She’s the Kind of Girl

Caroline Margaret Gower (Scarfe)

July 8, 1966—March 11, 2009

From the get-go, I wanted this blog to be focused on Gene's words and music, not me. Today, however, I am suspending that rule to pause in observance of the 10th anniversary of the passing of someone very dear to me. Her name was Caroline. 

Music was an integral part of my friendship and eventual relationship with her. From Marvin Gaye to the Beach Boys, Van Morrison and Cat Stevens, music was tied to the inner workings of our story. It formed the soundtrack to our private mythology. 

And a significant part of that mythology involved Gene Clark; in particular the song 'She's the Kind of Girl,' written in 1970. Of all the songs Gene wrote, this one came closest to capturing not only her essence, but also the story of our time together. In fact, the song so closely mirrored my personal experience of love and loss—line by line, note for note, emotion for emotion—that I've occasionally comforted myself with the admittedly silly (and self-piteously narcissistic) notion that Gene's precognitive songwriting ability was part of my personal metaphysical rom-com (if Gene could ennoble love and loss through his music, surely I could do the same?).

My copy of Roadmaster.
I met Caroline in 1987, the same year that I stumbled across a copy of Edsel's reissue of Roadmaster (pictured at left)and began my first trips into Gene's post-Byrds oeuvre. It seems fitting that the song that conjures images of her in my mind—the long, flowing hair, impossibly luminous blue eyes, soft voice, and comforting presence—is the album’s opening track.

Our time together would bring the greatest sustained period of happiness in my life.  She was the first person outside of my family who believed I could become a writer. More than that, she knew it, even as I sputtered in endless self-doubt. And I, in turn, loved her deeply, hopelessly, unwaveringly, sometimes even foolishly, in the way that naive, idealistic young men sometimes do.

In one of those strange ironies that occurs when two people meet, I felt the greatest peace when in her presence, and yet Caroline herself always seemed preoccupied, beset by some dark worry that existed somewhere just beyond her grasp or immediate understanding.  She would twitch and blush with rabbity self-consciousness in a manner that was as concerning as it was endearing and comical—and it was this complex restlessness that fired my desire to introduce to her life, if I could, the tranquillity she brought to mine.

As unlikely as it seems in these days of desperate self-promotion and unchecked sociopathy, scarcely a trace of her exists online, apart from her obituary, and a couple of references I've made to her on this blog. You will not find a picture of her, nor any faint traces of a presence on social media. From what I'm given to understand from her sister (someone I consider a dear friend, in spite of time and distance) this was by design.

But Caroline existed. She mattered.

Even if I amounted to nothing more than a mere blip in her life, she remains a towering epoch in mine.

Although I had no contact with her in the last 14 years of her life, I would often think of her, and would comfort myself with the thought that she was happy, and had found peace. 


One day in June of 2009, while bored at work, I googled her name. Almost instantly I found her obituary. She had passed away suddenly at the age of 42, only three months before, leaving a loving husband and a daughter.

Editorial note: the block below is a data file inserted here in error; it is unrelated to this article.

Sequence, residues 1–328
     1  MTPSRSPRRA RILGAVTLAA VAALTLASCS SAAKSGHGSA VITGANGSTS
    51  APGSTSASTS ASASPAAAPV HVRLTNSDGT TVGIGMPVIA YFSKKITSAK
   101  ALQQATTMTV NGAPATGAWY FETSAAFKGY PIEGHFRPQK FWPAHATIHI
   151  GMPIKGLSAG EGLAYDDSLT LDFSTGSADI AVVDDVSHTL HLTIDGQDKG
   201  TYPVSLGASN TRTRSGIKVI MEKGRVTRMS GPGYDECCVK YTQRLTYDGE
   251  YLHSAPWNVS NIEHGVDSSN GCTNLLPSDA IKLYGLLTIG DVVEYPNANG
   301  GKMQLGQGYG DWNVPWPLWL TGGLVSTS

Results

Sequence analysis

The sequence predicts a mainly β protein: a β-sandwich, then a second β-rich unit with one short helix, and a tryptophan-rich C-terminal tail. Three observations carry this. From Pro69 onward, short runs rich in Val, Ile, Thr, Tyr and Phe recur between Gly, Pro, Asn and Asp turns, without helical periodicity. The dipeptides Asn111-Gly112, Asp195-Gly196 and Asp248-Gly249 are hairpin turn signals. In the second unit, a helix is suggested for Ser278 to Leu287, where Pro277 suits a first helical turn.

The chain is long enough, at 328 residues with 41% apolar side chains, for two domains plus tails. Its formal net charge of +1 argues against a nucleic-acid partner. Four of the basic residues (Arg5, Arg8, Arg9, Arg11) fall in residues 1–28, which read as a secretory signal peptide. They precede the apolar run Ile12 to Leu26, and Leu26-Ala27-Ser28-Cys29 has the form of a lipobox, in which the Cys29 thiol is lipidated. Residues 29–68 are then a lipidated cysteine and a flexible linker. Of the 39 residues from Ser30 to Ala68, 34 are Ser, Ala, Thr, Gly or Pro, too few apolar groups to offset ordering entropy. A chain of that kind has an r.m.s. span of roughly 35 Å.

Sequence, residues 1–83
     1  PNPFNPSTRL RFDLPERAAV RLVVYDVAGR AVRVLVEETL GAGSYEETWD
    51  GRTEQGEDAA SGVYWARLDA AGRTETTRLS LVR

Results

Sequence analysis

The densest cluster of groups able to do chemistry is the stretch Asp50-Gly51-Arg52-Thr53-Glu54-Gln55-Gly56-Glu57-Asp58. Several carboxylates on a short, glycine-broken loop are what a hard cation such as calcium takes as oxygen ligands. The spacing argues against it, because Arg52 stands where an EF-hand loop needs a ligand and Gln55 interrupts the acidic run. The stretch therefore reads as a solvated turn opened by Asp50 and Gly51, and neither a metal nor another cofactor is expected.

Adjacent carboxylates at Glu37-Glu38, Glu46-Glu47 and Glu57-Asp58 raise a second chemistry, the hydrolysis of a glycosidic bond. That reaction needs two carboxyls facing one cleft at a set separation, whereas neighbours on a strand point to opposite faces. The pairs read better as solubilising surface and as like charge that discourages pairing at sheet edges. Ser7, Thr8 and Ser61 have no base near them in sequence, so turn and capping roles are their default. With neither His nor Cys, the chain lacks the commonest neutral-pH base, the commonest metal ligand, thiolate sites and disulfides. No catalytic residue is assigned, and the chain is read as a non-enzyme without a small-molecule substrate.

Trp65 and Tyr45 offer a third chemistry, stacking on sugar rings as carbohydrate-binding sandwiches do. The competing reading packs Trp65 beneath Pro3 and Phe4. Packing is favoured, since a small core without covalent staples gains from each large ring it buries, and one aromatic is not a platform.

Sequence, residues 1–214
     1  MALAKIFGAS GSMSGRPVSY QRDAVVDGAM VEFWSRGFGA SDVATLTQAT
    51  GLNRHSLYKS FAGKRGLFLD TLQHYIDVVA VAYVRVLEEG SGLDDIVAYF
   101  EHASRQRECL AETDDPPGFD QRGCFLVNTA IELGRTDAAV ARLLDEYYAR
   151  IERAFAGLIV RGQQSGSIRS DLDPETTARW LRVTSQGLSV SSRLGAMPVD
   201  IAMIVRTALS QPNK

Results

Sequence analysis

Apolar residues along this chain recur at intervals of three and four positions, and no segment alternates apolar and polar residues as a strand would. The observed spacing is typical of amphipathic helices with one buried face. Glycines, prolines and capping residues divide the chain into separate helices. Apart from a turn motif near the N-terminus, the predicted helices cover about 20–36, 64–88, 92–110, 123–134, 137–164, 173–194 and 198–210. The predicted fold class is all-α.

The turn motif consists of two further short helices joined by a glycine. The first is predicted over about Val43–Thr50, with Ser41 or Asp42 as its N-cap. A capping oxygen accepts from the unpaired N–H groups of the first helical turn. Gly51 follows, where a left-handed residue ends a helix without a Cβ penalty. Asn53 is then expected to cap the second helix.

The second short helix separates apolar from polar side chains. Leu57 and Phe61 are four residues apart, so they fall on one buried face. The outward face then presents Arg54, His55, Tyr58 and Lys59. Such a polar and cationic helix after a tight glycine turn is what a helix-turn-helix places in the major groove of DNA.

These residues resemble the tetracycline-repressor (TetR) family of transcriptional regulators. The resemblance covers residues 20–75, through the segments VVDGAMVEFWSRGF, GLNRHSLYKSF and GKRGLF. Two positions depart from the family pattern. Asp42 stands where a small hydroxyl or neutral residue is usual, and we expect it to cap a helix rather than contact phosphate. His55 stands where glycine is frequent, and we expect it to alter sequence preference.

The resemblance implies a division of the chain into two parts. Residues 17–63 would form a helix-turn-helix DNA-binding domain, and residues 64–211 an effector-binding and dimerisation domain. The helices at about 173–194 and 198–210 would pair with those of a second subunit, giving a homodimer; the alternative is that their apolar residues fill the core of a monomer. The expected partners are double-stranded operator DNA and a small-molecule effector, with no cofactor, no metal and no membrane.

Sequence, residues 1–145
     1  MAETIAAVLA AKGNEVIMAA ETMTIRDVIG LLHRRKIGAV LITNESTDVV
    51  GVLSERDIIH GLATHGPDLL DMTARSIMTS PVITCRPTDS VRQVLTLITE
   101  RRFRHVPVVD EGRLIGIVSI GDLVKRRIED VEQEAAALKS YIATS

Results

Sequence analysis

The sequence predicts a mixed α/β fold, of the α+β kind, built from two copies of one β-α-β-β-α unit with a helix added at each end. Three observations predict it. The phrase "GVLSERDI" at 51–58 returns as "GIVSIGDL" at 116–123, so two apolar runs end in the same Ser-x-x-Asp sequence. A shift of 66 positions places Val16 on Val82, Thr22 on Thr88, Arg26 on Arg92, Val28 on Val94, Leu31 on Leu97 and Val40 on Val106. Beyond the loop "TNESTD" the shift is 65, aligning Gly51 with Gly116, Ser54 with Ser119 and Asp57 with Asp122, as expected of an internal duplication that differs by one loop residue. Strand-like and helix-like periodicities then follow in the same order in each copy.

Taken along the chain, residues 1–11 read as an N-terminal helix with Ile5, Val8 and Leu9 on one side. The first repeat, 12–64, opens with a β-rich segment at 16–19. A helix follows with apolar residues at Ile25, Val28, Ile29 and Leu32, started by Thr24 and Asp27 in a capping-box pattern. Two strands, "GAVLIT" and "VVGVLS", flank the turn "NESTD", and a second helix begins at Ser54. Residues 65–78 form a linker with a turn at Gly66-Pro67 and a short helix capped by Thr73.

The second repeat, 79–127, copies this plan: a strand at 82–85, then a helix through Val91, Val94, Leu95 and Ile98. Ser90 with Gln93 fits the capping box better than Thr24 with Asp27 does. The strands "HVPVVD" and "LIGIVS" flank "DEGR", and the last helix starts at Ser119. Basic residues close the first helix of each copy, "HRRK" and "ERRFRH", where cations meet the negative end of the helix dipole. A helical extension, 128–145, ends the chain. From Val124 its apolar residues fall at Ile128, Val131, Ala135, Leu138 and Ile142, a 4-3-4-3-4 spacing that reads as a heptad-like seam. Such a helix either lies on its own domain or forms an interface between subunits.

Later that evening after I got home from work, alone in my basement office, overcome with shock and sorrow, I wept uncontrollably, just as I’d done when she first “slipped through (my) hands.” 

To this day, I cannot hear the opening lines of 'She's the Kind of Girl' without getting misty-eyed, thinking of her gentle manner and ineffable grace. I offer it today in her memory.


She's the Kind of Girl  (Gene Clark)

She's the kind of girl
Together like a rhyme
The kind everybody wants to know
She can fool you with her way
Leave you with nothing much to say
And you try not to hang around
But you really don't want to see her go away.
She's the kind of girl
Marigold and thyme
Sunshine and flowers in her hair
Simple ways she don't complain
She likes to move
She won't explain
And you wonder in the night
If everything was right with you
She might remain.
Doesn't everybody want to hear
Doesn't everybody want to know
What it is to be so near
Then watch it go.

She's the kind of girl
Really has to see
What it is that's on your mind
She takes the time and understands
She makes no judgments, no demands
But she makes you feel the fool
When you wonder how 
She slipped right through your hands.





Comments

Kate said…
Thank you for such a beautiful tribute Tom. We can all only hope we have someone like you to carry the torch after we pass. Being the younger sister I was the indirect recipient of your musical history together, borrowing the infamous mixed tapes - so thanks for the Van, the Besch Boys and the Cat Stevens - they are my link to her too.
skipway said…
A lovely song and a sweet remembrance, Tom. As a life-long bachelor, the lines "Doesn't everybody want to hear
Doesn't everybody want to know
What it is to be so near
Then watch it go."
really resonate with me.
It makes me think of all the ladies I let slip thru my fingers. You don't miss your water until your well runs dry!
Indigo Mariana said…
Lovely tribute 💕
Unknown said…
Beautiful tribute, Tom
Unknown said…
A perfect song for the dear loves, lost. And the writer writes: “ and you wonder in the night, if everything was right with you, she might remain”. IF this song were autobiographical ( and mist songwriters will say.... not necessarily so), one could think Gene put the blame on himself for the loss of ones he fell in love with. I love this song; one if my Top 20 GC songs. Poignant and sweet. I so sorry for you Tom this wonderful beloved friend slipped through your hands. 😔